Trump faces tough re­turn to Wash­ing­ton ‘swamp’

Kuwait Times - - INTERNATIONAL -

US Pres­i­dent Don­ald Trump re­turns to Wash­ing­ton yes­ter­day af­ter a brief over­seas respite, fac­ing an en­dur­ing and in­ten­si­fy­ing storm over his cam­paign’s con­tacts with Rus­sia. Dur­ing two pomp-filled days in Paris and an­other two play­ing maitre d’ to pro­fes­sional fe­male golfers driv­ing, chip­ping and putting their way around his Bed­min­ster course in New Jersey, Trump was in his el­e­ment. In the French cap­i­tal, Trump played the role of hon­ored guest, wooed by new Pres­i­dent Em­manuel Macron who was de­ter­mined to re­assert France’s im­por­tance on the world stage.

The visit seemed-and in­deed was-tai­lor made for Trump. It was the pres­i­dency as he would no doubt like it, cer­e­mo­nial, ag­gran­diz­ing and shorn of its oner­ous se­cu­rity brief­ings and te­dious pol­icy de­bates. Trump even got to at­tend a mil­i­tary pa­rade of the sort he is ru­mored to have wanted for his own in­au­gu­ra­tion. For a few days, the an­gry tweets and the rants against the me­dia were largely gone. In their place, more than a dozen ef­fu­sive elec­tronic mis­sives that were part tourist post­card, part thankyou note to a cher­ished host.

Trump var­i­ously thanked Macron “for the beau­ti­ful wel­come cer­e­mony,” for a “great evening” din­ing at the Eif­fel Tower” and for “great con­ver­sa­tions.” “It was a great honor to rep­re­sent the United States at the mag­nif­i­cent #BastilleDay pa­rade. Con­grat­u­la­tions Pres­i­dent @Em­manuelMacron!” Trump wrote in one tweet. Trump’s staff ap­peared to wel­come the respite just as much as their boss, steal­ing away a few min­utes for a late-night Parisian cock­tail or Croque Mon­sieur. But for staff, the re­lease was tinged with a sense of ex­haus­tion.

The last few gru­el­ing weeks have seen them fly the pres­i­dent from Wash­ing­ton to Poland to Ger­many, back to Wash­ing­ton, on to Paris and then to Bed­min­ster. All the while, aides like chief of staff Reince Priebus have been chained to their phone try­ing to min­i­mize the dam­age from new scan­dals at the same time as man­age the pas­sage of ma­jor leg­is­la­tion. Si­mul­ta­ne­ous travel, scan­dal and law­mak­ing would be a mas­sive chal­lenge for even the most ef­fi­cient White House, much less for Trump’s un­der­staffed, chaotic, be­sieged and back­stab­bing ad­min­is­tra­tion. Their re­turn to the “swamp”-as Trump’s camp nick­names the US cap­i­tal-is un­likely to bring much com­fort.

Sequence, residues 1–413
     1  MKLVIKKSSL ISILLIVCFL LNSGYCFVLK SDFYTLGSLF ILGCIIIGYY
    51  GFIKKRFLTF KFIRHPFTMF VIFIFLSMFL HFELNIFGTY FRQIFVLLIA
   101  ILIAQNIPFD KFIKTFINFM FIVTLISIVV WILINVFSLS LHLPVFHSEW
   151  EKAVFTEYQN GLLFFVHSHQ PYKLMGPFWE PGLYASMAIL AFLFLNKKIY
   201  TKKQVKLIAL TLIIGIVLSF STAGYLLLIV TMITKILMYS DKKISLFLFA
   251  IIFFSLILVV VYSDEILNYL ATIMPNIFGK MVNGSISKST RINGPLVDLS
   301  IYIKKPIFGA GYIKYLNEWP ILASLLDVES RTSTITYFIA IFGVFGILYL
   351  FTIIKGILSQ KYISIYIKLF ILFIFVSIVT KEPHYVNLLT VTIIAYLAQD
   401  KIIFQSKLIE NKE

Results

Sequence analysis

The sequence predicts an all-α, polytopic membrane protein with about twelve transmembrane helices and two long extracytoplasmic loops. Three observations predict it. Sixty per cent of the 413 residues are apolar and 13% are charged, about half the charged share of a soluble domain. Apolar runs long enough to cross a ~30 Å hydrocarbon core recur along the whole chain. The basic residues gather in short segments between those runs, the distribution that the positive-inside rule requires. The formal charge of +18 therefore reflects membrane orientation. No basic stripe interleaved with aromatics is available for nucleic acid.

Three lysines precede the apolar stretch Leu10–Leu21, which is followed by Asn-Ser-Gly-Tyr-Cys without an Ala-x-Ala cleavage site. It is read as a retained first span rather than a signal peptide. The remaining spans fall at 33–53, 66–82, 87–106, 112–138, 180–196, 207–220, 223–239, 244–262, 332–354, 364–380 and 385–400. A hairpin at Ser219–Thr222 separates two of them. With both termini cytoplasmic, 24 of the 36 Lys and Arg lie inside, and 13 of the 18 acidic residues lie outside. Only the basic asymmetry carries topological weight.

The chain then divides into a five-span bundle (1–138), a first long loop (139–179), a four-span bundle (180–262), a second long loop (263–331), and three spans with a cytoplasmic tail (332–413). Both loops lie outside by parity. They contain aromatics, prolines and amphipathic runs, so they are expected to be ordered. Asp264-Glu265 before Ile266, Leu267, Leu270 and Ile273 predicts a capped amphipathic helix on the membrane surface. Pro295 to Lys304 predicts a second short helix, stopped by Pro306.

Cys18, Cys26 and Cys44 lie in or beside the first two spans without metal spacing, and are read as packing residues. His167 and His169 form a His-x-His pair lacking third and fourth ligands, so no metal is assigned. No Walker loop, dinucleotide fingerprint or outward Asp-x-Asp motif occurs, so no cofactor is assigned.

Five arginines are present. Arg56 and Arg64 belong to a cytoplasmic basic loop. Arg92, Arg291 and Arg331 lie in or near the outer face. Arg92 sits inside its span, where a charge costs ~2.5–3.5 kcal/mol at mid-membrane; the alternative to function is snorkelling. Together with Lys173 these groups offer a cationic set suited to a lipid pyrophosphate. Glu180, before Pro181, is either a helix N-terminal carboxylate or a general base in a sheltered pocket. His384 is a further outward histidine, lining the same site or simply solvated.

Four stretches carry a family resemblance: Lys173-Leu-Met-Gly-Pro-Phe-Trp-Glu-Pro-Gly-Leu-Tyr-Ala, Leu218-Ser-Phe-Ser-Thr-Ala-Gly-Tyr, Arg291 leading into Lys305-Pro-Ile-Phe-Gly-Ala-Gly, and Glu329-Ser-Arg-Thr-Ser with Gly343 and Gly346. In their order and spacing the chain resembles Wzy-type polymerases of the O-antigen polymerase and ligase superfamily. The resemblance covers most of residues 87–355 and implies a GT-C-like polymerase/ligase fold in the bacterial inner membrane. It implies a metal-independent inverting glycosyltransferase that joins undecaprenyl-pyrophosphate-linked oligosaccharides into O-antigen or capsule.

Wel­come home

In Wash­ing­ton, the Trump ad­min­is­tra­tion faces a fresh string of ques­tions about con­tacts with a Rus­sian lawyer and lob­by­ist, fur­ther rais­ing the stakes in the fed­eral in­ves­ti­ga­tion into whether Trump’s team col­luded with Rus­sia to tilt last year’s elec­tion. Trump and most of his top as­so­ci­ates-from his son Don­ald Jr to son-in-law and close aide Jared Kush­ner-have retained hard-charg­ing de­fense lawyers. The rolling storms-like the Jupiter tem­pest cap­tured this week-have made life dif­fi­cult on the face of planet Trump, with­out fun­da­men­tally altering its tra­jec­tory.

While in­ves­ti­ga­tions are suck­ing up vi­tal oxy­gen in Congress, and law­mak­ers get asked about lit­tle else, there is so far lit­tle sign Rus­si­a­gate is cost­ing Trump votes. His al­lies in Congress ap­pear to be edg­ing closer to re­peal­ing and re­plac­ing health­care re­form that was the sig­na­ture leg­isla­tive achieve­ment of Barack Obama’s pres­i­dency. On Satur­day Trump posted on Twit­ter a video in which he praised the Repub­li­can bill while de­nounc­ing Oba­macare.

“I am pleased to re­port that we are very, very close to end­ing this health­care night­mare. We are so close,” he vowed. Trump’s pop­u­lar­ity has set­tled at around 39 per­cent, ac­cord­ing to opin­ion polls. “About four in 10 Amer­i­cans ap­prove of the job Don­ald Trump is do­ing as pres­i­dent,” said Gallup an­a­lysts. “That fig­ure has not changed ma­te­ri­ally over the past four months.” But a fail­ure to pass health­care re­form, tax re­form or a mas­sive in­fra­struc­ture spend­ing could prove a dev­as­tat­ing blow, weak­en­ing so-far solid sup­port among Repub­li­cans.

There are early signs that sup­port may be ebbing. Even some lead­ing voices at Fox News, the ca­ble net­work pop­u­lar with con­ser­va­tives which has been in lock-step with the ad­min­is­tra­tion, have ex­pressed dis­sent about the ad­min­is­tra­tion’s shift­ing ex­pla­na­tions on Rus­sia. The last six months have seen Trump aides shift from deny­ing any con­tact with Rus­sians to dra­mat­i­cally rais­ing the bar for cen­sure-wor­thy be­hav­ior. In light of Trump Jr’s bomb­shell ad­mis­sion he met a Rus­sian lawyer last year in a bid to get dirt on his fa­ther’s Demo­crat ri­val Hil­lary Clin­ton, top aide Kellyanne Con­way seemed to dra­mat­i­cally shift the goal­posts. —AFP

NEW JERSEY: US Pres­i­dent Don­ald Trump waves to spec­ta­tors at the Trump Na­tional Golf Club dur­ing the third round of the US Women’s Open Golf tour­na­ment in Bed­min­ster, New Jersey.—AP

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